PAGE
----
Location: Aquatic Animal Health Research
Title: Effect of Dietary Immunostimulants on Immunity and Disease Resistance of Channel Catfish and Nile Tilapia. Authors
Submitted to: American Fisheries Society Annual Meeting
Publication Type: Abstract Only
Publication Acceptance Date: April 30, 2008
Publication Date: August 17, 2008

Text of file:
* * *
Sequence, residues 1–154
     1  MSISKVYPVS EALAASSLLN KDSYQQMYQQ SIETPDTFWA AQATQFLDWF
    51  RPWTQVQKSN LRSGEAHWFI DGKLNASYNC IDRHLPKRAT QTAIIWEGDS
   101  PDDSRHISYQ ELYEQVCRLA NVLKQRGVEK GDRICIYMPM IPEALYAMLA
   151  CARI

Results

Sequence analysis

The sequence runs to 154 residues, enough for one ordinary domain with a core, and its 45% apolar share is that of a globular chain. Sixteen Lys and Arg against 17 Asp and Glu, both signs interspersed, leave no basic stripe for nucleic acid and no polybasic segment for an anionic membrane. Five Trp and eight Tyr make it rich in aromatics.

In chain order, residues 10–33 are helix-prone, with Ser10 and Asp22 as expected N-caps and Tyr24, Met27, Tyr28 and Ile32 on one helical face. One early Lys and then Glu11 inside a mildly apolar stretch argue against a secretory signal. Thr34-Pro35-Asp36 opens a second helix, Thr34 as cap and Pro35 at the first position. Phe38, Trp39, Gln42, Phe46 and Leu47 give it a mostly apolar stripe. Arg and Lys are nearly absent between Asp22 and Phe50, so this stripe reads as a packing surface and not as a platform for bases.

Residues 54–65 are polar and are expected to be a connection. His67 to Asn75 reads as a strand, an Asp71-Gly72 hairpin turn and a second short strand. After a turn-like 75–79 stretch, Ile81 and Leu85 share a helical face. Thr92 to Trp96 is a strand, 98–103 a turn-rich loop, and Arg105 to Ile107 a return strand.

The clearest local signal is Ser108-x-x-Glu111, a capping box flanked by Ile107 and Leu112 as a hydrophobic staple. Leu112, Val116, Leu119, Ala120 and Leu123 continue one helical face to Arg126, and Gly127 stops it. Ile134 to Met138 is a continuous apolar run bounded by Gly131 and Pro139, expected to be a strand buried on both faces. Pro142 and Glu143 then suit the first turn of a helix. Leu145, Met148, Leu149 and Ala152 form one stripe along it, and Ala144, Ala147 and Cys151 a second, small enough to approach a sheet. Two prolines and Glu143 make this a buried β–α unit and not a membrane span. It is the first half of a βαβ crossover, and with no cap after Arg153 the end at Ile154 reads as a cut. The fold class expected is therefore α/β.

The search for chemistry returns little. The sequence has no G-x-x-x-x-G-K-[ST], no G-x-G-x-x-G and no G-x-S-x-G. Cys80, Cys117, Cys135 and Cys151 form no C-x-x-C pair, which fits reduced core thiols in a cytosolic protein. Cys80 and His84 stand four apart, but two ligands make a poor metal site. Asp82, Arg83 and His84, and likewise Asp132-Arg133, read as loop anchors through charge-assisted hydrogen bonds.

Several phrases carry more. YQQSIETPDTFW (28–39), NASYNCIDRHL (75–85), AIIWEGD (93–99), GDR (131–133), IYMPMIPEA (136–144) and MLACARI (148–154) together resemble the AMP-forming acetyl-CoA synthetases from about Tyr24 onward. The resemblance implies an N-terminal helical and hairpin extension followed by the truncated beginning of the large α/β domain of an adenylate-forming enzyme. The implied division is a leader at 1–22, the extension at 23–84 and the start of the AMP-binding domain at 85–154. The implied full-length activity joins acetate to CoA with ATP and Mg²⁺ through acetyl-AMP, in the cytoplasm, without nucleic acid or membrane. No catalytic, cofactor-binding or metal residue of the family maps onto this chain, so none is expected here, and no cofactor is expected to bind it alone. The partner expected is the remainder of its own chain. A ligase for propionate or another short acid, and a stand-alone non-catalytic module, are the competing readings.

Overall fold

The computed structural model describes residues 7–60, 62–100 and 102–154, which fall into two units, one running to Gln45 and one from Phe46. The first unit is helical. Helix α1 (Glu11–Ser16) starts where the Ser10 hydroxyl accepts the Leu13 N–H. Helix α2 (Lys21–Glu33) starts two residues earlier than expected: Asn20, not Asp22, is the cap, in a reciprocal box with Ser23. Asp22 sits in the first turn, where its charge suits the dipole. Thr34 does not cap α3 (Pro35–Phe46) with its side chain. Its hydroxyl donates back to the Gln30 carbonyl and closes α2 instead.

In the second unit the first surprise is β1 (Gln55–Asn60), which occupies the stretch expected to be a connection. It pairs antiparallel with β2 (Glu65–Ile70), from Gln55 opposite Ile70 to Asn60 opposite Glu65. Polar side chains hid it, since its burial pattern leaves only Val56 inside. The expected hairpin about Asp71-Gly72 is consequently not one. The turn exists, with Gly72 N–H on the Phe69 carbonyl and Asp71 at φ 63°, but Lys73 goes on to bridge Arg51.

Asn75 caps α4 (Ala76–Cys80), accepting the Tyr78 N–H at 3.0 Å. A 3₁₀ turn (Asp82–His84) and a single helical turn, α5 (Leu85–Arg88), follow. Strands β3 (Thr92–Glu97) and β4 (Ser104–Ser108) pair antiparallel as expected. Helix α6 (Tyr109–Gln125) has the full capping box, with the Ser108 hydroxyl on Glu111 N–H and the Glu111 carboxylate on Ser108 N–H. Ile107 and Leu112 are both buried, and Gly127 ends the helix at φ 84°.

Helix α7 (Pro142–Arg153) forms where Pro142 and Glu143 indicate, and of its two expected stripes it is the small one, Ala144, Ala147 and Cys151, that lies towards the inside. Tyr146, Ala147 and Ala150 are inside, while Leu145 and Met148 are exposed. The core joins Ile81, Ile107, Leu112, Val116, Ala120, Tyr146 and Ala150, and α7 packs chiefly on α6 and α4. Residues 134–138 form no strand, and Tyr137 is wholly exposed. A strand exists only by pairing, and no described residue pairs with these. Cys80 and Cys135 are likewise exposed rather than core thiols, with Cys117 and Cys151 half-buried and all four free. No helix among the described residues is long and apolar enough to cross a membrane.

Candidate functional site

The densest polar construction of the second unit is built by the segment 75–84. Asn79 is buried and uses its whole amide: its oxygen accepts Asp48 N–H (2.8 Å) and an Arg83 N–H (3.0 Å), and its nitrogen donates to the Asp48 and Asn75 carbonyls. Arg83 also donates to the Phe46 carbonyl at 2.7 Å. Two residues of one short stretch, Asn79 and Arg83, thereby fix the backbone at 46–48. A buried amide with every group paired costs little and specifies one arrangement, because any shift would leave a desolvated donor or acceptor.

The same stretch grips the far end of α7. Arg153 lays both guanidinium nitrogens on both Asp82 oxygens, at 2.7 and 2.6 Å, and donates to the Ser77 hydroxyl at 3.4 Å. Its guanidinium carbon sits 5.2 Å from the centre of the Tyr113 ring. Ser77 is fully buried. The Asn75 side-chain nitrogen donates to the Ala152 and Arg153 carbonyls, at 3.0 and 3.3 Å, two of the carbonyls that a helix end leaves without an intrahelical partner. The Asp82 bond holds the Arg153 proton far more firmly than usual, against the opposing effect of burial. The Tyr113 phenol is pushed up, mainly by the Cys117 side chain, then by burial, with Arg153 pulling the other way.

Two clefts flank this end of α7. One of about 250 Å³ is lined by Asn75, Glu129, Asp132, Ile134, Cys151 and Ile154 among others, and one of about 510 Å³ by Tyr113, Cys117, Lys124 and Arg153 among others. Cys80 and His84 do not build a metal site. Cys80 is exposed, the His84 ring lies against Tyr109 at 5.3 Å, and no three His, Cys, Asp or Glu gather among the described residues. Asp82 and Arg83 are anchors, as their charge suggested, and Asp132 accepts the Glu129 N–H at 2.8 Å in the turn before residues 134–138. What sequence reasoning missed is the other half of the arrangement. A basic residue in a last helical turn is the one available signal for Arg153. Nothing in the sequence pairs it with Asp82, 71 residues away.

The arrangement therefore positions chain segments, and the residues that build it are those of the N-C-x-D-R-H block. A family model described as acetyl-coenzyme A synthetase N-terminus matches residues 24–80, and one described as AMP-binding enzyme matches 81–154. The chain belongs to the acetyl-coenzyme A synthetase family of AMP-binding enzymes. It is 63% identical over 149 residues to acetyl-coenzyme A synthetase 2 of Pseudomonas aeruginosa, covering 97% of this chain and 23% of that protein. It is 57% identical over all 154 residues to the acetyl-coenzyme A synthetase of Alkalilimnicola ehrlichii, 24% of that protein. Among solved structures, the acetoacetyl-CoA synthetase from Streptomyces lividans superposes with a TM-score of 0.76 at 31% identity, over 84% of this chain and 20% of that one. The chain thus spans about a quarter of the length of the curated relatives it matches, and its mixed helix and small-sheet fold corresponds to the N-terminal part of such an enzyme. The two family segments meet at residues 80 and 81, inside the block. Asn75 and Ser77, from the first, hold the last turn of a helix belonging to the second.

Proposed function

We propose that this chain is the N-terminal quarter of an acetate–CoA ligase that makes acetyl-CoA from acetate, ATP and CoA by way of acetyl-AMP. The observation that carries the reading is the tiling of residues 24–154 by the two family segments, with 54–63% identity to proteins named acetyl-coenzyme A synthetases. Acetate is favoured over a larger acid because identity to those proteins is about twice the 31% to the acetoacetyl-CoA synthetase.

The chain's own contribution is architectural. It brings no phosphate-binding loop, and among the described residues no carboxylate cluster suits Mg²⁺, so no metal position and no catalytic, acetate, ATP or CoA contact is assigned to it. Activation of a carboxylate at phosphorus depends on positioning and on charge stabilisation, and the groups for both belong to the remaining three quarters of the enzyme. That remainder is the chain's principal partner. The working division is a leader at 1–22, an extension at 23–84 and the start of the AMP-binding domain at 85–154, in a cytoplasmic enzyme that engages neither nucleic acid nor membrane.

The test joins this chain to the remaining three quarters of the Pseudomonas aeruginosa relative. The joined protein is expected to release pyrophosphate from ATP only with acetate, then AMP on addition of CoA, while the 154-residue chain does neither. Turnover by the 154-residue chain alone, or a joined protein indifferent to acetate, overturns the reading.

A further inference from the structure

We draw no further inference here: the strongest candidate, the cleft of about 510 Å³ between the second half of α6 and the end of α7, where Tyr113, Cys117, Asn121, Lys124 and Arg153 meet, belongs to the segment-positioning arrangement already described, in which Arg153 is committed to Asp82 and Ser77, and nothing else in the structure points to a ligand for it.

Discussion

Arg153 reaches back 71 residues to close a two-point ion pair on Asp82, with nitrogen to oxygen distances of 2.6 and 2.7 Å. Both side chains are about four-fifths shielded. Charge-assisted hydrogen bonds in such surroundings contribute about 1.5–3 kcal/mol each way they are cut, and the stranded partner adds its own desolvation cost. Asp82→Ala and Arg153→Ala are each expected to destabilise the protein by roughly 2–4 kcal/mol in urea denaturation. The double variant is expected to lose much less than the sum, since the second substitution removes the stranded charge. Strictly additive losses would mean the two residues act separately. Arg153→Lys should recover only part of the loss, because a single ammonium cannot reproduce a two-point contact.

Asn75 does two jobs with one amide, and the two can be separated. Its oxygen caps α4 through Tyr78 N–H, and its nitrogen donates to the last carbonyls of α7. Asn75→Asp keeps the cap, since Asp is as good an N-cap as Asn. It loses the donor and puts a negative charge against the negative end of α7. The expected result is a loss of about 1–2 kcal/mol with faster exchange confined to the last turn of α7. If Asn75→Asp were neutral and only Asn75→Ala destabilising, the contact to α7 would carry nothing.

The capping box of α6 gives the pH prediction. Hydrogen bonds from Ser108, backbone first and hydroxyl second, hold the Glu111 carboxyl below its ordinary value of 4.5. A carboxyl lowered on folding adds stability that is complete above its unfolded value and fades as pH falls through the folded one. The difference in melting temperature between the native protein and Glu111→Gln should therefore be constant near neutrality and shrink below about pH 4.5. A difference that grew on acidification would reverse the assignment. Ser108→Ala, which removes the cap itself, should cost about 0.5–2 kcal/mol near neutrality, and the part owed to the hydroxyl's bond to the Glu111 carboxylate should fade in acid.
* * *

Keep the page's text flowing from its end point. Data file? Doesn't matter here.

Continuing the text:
Citation: Welker, T.L., Lim, C.E., Shelby, R.A., Aksoy, M., Klesius, P.H. 2008. Effect of Dietary Immunostimulants on Immunity and Disease Resistance of Channel Catfish and Nile Tilapia. American Fisheries Society Annual Meeting. Available: http://www.fisheries.org/AFS08/docs/prog.pdf Technical Abstract: Research suggests that immunostimulants added to diets can improve the ability of fish to respond to disease challenge. However, the effectiveness of most immunostimulants, even within a species, can vary considerably. We have conducted several studies examining the effects of whole-cell yeast (Saccharomyces cerevisiae) and yeast-subcomponents (ß-glucans and mannan oligosaccharides) (YYS), bovine lactoferrin, and probiotics (various bacterial species) added to diets on immune function and disease resistance in channel catfish and Nile tilapia. Results have been inconsistent. Feeding diets containing commercially available, live probiotic bacteria (Saccharomyces, Bacillus, Pediococcus, and Enterococcus sp.) did not affect immune function or improve resistance of catfish or tilapia to bacterial challenge. When fed YYS-supplemented diets, fish also did not show improvement in immune function or disease resistance after 4 or 6 weeks of feeding, but shorter feeding durations of 1 or 2 weeks appears promising in channel catfish. However, dietary supplementation of bovine lactoferrin increased survival of both channel catfish and Nile tilapia to disease challenge, possibly by limiting iron availability to the challenge bacterium. Results from these studies will be summarized and discussed. Further research is needed and continues on the effects of immunostimulants on immunity and disease resistance in channel catfish and tilapia.